Completing the Energy Innovation Cycle: The View from the Public Utility Commission

33 Pages Posted: 16 Feb 2014

See all articles by Jonas Monast

Jonas Monast

UNC School of Law

Sarah Adair

Duke University - Nicholas School of the Environment

Date Written: February 16, 2014

Abstract

Achieving widespread adoption of innovative electricity generation technologies involves a complex system of research, development, demonstration, and deployment, with each phase then informing future developments. Despite a number of non-regulatory programs at the federal level to support this process, the innovation premium — the increased cost and technology risk often associated with innovative generation technologies — creates hurdles in the state public utility commission (PUC) process. These state level regulatory hurdles have the potential to frustrate federal energy goals and prevent the learning process that is a critical component to technology innovation. This article explores how and why innovative energy technologies face challenges in the PUC process, focusing on case studies where PUCs have approved or denied utility proposals to deploy high cost, first generation energy technologies. The article concludes with an outline of possible strategies to address PUC concerns by allocating the innovation premium beyond a single utility’s ratepayers.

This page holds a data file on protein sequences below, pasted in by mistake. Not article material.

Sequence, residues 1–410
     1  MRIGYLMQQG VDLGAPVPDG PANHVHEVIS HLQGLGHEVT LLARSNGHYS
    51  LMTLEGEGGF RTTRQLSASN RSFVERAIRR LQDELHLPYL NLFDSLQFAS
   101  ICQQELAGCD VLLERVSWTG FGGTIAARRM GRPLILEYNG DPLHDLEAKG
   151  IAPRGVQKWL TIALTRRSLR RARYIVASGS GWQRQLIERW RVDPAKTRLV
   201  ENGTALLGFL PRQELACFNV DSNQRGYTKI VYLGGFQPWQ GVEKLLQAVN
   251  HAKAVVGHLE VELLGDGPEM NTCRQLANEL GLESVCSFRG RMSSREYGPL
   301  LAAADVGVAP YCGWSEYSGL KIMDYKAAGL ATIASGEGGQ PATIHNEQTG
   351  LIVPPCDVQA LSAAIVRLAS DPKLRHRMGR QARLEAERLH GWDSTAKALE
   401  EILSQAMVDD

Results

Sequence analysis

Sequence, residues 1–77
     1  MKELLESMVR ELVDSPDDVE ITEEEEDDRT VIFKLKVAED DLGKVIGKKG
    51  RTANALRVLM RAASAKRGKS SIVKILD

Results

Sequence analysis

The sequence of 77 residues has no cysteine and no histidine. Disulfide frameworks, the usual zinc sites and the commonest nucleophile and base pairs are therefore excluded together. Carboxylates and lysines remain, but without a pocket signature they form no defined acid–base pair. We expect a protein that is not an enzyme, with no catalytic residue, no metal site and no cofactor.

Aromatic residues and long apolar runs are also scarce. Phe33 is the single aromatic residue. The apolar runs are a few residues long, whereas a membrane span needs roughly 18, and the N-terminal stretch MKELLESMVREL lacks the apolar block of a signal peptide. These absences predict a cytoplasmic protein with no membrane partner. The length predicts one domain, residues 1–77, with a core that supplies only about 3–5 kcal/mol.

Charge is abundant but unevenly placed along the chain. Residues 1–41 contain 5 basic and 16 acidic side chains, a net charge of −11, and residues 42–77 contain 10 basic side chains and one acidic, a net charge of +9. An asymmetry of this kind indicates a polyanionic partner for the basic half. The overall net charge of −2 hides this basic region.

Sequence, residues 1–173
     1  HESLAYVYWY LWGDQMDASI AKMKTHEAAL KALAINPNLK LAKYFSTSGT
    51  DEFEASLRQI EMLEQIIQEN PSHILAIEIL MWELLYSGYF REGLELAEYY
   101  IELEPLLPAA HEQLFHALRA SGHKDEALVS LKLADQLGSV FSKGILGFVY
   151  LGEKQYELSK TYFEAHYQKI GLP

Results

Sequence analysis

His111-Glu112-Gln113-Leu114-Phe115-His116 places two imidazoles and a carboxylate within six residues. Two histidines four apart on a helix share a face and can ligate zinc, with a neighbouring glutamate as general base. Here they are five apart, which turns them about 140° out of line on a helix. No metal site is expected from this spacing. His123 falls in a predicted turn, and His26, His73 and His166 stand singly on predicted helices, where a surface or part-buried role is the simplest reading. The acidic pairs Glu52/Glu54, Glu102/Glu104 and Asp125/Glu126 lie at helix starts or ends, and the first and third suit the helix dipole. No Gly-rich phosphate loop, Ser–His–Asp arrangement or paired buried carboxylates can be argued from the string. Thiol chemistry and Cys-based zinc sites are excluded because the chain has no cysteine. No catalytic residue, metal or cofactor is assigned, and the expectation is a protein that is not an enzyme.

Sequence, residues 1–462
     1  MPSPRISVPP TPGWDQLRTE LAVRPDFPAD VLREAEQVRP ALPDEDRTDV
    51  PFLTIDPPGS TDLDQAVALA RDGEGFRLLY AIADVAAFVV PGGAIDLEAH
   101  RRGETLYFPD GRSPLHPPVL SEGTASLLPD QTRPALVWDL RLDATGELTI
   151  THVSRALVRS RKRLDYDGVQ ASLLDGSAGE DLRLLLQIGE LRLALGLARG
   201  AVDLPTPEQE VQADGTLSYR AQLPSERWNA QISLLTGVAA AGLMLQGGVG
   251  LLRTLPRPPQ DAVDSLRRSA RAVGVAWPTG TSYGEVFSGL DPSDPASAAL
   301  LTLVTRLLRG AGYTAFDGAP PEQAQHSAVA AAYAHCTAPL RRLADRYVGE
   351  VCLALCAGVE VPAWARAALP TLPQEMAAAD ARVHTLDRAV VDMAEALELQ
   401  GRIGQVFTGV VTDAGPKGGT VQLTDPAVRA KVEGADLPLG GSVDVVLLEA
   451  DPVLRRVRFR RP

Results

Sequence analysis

Keywords: public utility commission, energy, electricity, innovation

Suggested Citation

Monast, Jonas and Adair, Sarah, Completing the Energy Innovation Cycle: The View from the Public Utility Commission (February 16, 2014). Hastings Law Journal, Forthcoming. Available at SSRN: https://ssrn.com/abstract=2396848

Jonas Monast (Contact Author)

UNC School of Law ( email )

102 Ridge Road
Chapel Hill, NC NC 27514
United States

Sarah Adair

Duke University - Nicholas School of the Environment ( email )

Box 90328
Durham, NC 27708-0328
United States

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